Liquid Lunch: Iain Martin and the City after Brexit - Spear's Magazine
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Liquid Lunch: Iain Martin and the City after Brexit

Liquid Lunch: Iain Martin and the City after Brexit

For our inaugural outing, Sophie McIntyre lunches with Iain Martin, the journalist and chronicler of the City

‘I have to make a speech at four,’ notes Iain Martin as he eyes the two flutes of champagne on the table. But after tentatively sipping his, the author and former Scotsman editor sees the light over his fennel soup. ‘We might as well split a bottle, don’t you think?’ Good man. We tuck into our main courses: slow roasted lamb, grilled hake and a delicious 2012 Côtes du Jura. Bravo!

The inaugural Spear’s Liquid Lunch is at Lutyens, a Conran-designed establishment on the ground floor of the former Press Association building off Fleet Street — and what better place to pick Martin’s brains on Brexit and the City? In his latest book,
Crash Bang Wallop, he analyses the Big Bang of the 1980s before making his predictions for the Brexit era.

So might Brexit create as much turmoil as 2008? ‘It could,’ he says, ‘but I don’t think it will be as sudden as that.’ The City would, however, struggle with a hard Brexit, he fears: ‘There would be instant dislocation and a rapid period of adjustment. It would be difficult but not impossible.’

The softly mannered but enthusiastic Scot, late of the Wall Street Journal and Sunday Telegraph, doesn’t find Brexit scaremongering all that convincing: ‘Britain is the second largest contributor for the EU — that’s a major thing for a club to lose. The smarter Germans realise that London is the eurozone. And where
is all the clearance and settlement business going to go?’ he notes, laying down his cutlery to allow his hands to express the point with more emphasis.

Would it go to Frankfurt? ‘Have you ever been to Frankfurt? The idea that it is going to be the new financial hub is complete nonsense. It’s too small and there is no way senior figures in finance are going to live in Frankfurt or have their children educated in Frankfurt.’ What of Paris? ‘This is a joke. Ridiculous labour laws make it very difficult to hire and fire, particularly back-office staff.’

The avowedly pro-market Martin dismisses Dublin as ‘tiny’ with a dangerously over-inflated banking sector, and New York? Well, why leave the eurozone and not be in London? It ‘logically makes no sense’, he insists. ‘London basically operates the eurozone — trading in OTC derivatives, slots, foreign exchange, and almost 20 per cent of all EU bank lending, and there’s a lot of risk in moving all this.’ The grander economy aside, he believes the City has little to fear and innovation and tech growth will see it through the choppy waters: ‘Brexit does pose quite a few challenges, but my optimism is rooted in the positive experience the City has had of surviving death, fire, disaster, scandal.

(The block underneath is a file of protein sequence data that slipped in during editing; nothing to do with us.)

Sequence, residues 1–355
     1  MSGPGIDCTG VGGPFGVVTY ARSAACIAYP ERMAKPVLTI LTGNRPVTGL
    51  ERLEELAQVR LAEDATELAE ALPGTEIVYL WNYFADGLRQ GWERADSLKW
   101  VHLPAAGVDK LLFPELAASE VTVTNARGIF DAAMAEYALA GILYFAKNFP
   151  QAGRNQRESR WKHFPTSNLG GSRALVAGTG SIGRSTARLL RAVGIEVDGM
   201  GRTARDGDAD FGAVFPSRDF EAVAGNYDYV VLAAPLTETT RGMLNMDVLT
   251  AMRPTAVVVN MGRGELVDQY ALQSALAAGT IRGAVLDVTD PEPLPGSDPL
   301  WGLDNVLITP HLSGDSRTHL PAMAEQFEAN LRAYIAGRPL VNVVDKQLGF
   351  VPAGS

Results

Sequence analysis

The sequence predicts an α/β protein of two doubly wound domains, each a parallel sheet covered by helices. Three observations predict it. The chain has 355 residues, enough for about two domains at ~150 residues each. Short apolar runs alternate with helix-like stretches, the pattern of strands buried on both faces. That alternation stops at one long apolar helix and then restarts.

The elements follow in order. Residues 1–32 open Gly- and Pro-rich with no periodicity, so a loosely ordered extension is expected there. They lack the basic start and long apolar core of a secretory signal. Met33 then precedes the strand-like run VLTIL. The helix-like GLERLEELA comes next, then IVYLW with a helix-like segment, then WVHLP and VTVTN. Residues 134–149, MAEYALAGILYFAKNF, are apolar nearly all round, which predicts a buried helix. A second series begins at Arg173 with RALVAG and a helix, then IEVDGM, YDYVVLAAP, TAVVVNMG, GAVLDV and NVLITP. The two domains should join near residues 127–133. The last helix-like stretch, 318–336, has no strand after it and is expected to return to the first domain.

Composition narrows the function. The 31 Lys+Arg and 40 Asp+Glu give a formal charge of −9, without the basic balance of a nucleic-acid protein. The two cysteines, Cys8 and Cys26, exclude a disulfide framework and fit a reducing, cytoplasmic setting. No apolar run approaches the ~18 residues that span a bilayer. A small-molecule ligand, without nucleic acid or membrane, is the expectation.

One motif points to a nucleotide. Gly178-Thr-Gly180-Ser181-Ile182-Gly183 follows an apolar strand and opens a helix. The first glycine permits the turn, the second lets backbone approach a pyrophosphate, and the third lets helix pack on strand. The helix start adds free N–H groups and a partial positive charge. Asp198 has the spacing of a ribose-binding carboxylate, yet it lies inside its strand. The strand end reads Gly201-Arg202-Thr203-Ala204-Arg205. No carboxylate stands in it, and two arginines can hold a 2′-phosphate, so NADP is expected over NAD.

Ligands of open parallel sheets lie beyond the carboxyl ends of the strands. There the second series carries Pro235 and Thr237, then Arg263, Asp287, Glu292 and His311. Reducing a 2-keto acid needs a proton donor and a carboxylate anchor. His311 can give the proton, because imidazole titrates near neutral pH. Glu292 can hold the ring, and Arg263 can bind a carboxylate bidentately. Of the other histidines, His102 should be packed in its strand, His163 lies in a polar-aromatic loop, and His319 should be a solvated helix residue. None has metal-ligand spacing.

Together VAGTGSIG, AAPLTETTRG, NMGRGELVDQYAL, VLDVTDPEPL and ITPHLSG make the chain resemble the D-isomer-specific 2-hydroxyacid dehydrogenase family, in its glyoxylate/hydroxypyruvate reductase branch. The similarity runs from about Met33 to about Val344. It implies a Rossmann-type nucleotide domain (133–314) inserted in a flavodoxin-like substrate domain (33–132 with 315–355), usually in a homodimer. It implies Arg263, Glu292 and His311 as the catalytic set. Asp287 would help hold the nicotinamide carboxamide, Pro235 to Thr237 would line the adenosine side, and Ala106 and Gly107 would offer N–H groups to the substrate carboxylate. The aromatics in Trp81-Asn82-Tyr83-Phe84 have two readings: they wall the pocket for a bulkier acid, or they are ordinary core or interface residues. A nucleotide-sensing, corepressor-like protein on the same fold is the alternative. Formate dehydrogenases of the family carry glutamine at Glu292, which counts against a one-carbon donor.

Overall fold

‘Finance is about to be transformed just as much as it was in the Big Bang,’ he adds between mouthfuls of British camembert. ‘It’s going to go through something similar to 1986 or 1993. Artificial intelligence and block chain technology will transform the nature of money and how it’s moved around over the next ten to fifteen years.’

In fact, he thinks Donald Trump’s presidency could well have a greater impact on the City. How will London ever keep pace with Trump’s proposed deregulation in the cautious, post-2008 political environment?

Over an espresso, Martin maps out the Brexit process ahead: the potentially costly divorce, the agreement, and the importance of personalities. He loves personalities — as is clear in his dissection of Fred Goodwin’s micromanaging character and its role in the 2008 crash in his 2013 book Making It Happen.

With his political reporter hat on, Martin is very excited about the impact of the forthcoming elections on the Brexit process. It’s all change in Europe. In Germany ‘it could be Merkel, who has a great reputation but never delivers, or [Martin] Schulz, a dangerous left-winger but an extraordinary Anglophile’. If Marine Le Pen wins in France, the collapse of the EU is a distinct possibility. ‘It’s all going to be thrown up in the air in the next six months,’ he predicts.

We polish off the bottle of Jura in a leisurely manner. Martin checks his watch — and then his phone. ‘The PR’s been calling,’ he sighs. ‘I should have been at the venue at 3.30.’ It’s 3.40. Coats are ordered. As he slips into his mackintosh, there’s a moment of awkwardness as I go for the kiss-on-the-cheek and he a handshake: then crash bang wallop, he’s off, beetling down past St Bride’s towards Fleet Street, the City seemingly safe from the Brexit tribulations ahead.

To enjoy all this and more, go to your nearest WHSmiths travel store or independent newsagent to buy the May/June edition of Spear's magazine or visit www.spearswms.com/subscribe



 

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